Am I as careful with my concealment as I should be? To be brutally honest... no. At times at the shop I won't even put on my cover garment till I'm in the door and then I open carry around the range and really don't care if it shows while reaching for things or anything like that. I probably could watch it more while I'm there.

    Out and about in other areas I'm generally very good about my concealment. I wear shirts that don't print. I make sure the wind doesn't catch my clothing. I try to make sure I don't give away the element of surprise.

    Does my holster stability to ensure it can't be taken easily? Well, this one does.

    My old holster was a piece of junk and recently I purchased a very nice belt holster. While it has no retention strap or anything like that, it pretty much needs to be pulled straight up and out. Same with my drop holster, anyone grabbing from the side is just going to get my belt and me coming with the gun and that gun isn't coming free unless pulled straight up.

    As far as a plan goes?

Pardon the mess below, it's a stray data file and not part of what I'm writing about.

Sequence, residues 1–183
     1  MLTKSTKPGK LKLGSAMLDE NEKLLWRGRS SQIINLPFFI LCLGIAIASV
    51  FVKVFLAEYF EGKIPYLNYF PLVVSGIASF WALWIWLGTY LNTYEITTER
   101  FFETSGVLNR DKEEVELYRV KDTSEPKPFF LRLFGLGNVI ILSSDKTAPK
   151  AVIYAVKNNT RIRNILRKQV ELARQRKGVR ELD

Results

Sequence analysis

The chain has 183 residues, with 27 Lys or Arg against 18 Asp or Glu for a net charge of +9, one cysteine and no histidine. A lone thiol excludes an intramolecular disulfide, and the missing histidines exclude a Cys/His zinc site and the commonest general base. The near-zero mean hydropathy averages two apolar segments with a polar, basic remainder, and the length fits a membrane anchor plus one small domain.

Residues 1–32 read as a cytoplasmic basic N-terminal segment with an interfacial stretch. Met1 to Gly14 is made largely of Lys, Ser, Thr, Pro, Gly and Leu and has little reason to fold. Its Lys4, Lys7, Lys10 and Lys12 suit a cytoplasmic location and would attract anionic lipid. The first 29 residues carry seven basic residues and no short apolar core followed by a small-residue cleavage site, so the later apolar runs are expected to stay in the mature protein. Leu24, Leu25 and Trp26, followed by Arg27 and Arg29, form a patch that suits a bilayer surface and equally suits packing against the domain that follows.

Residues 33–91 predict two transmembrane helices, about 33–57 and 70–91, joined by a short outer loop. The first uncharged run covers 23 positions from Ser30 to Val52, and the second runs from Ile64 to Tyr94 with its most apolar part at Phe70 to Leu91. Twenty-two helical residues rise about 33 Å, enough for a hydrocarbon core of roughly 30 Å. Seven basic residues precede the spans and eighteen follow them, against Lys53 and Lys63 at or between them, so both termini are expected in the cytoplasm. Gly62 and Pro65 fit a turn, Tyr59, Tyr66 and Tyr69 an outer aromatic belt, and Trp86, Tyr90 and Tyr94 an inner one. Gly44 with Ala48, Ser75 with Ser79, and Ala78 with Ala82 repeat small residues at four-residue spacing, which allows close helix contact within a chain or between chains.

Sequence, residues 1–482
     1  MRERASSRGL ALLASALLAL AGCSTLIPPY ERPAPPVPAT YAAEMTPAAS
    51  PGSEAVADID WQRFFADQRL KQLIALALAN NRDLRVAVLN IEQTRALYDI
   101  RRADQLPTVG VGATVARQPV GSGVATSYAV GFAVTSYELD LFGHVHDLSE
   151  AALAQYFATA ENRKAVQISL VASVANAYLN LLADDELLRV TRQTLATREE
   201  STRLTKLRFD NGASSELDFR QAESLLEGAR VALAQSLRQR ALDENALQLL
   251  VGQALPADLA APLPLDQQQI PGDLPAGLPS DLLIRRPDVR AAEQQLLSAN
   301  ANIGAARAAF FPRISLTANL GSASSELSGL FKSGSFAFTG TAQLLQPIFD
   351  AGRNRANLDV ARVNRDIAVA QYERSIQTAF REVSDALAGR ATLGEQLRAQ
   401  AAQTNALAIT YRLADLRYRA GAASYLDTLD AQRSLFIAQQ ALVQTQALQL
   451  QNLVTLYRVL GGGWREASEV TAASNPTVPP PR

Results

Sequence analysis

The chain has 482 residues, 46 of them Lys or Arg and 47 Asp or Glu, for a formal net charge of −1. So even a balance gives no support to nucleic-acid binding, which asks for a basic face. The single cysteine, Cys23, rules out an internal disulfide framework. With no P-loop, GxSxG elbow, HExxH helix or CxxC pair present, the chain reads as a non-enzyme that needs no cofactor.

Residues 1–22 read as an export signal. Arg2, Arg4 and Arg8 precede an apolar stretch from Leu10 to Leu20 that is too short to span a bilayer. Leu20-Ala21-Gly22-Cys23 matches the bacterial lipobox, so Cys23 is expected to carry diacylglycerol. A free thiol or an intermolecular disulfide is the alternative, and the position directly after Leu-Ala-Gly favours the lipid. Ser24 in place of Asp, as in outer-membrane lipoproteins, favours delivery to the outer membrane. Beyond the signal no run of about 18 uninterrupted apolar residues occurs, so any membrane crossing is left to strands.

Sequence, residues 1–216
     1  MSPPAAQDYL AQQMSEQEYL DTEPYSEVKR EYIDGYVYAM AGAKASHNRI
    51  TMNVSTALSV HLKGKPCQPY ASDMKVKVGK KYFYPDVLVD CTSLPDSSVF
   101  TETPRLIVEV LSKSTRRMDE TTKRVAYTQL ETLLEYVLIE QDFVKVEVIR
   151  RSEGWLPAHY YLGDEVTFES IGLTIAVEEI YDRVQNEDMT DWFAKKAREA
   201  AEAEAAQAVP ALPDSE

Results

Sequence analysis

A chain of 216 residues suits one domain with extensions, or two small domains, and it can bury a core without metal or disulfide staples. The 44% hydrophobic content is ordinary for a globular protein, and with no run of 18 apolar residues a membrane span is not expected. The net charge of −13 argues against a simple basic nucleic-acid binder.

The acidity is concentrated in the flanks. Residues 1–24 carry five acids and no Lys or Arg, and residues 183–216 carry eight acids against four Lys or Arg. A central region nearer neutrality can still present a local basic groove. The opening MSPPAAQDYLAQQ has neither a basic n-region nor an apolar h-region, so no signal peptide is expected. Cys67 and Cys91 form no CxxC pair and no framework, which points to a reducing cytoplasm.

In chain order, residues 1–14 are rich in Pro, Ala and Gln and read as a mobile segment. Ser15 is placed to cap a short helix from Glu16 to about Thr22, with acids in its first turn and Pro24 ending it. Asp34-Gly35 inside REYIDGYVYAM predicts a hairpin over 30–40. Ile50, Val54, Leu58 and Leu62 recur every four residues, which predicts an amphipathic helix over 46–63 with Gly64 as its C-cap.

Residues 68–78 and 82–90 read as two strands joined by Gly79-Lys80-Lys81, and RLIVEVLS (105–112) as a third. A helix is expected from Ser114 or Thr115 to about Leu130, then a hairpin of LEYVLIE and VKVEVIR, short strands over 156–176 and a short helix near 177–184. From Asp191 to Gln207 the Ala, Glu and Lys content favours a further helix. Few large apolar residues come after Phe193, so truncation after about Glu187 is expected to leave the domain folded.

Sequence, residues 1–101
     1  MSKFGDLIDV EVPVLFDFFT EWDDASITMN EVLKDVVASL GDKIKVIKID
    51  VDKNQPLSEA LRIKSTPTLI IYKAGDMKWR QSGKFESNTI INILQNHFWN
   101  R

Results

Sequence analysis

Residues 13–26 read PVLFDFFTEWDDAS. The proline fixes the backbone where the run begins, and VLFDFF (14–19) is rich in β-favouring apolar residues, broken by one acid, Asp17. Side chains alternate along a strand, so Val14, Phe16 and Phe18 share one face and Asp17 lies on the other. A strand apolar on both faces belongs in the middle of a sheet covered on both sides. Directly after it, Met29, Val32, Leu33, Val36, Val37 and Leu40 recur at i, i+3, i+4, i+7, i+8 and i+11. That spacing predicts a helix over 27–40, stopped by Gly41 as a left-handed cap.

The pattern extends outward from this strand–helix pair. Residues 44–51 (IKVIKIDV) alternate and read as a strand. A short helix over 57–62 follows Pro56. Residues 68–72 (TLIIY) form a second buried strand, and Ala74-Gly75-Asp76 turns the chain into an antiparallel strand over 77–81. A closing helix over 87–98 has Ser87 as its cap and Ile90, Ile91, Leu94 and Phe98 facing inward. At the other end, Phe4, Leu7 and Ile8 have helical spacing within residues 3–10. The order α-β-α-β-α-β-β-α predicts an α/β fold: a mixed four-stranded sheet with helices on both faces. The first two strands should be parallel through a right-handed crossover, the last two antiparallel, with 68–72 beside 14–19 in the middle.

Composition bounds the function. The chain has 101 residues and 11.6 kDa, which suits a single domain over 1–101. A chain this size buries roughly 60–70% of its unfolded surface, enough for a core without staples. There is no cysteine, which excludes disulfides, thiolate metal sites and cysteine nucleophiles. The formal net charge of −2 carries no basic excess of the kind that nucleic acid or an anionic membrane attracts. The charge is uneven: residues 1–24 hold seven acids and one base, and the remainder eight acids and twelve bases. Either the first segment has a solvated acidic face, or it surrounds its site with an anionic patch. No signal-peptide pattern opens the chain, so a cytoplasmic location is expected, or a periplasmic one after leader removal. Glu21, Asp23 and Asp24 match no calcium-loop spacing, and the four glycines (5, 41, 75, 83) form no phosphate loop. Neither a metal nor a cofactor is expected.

If I feel anyone grabbing at my waist or gun from behind, I'm grabbing his wrist while bringing my elbow back, HARD into his chest, stepping forward, turning and drawing on him.

    If he gets my gun somehow, well, then it's H2H with a knife as I don't generally carry a BUG gun. I always carry my Kershaw folding knife and while it's little it will do the job. I'll probably hate it so much more than I'd ever hate shooting someone, but if I had to I would cut.


  2. #17
    Senior Member
    Array enigmaone's Avatar
    Join Date
    Mar 2006
    Location
    englewood fl
    Posts
    1,055
    Excellent post, Limatunes, very informative, Thanks for sharing.
    quis custodiet ipsos custodes?

  3. #18
    Senior Moderator
    Array pgrass101's Avatar
    Join Date
    Sep 2006
    Location
    Alabama
    Posts
    13,627
    Nothing like a good holster and situational awareness, as you and your husband has stated.
    A real man loves his wife, and places his family as the most important thing in life. Nothing has brought me more peace and content in life than simply being a good husband and father.

  4. #19
    Member Array OfClanMcnab's Avatar
    Join Date
    Feb 2007
    Location
    Missouri
    Posts
    205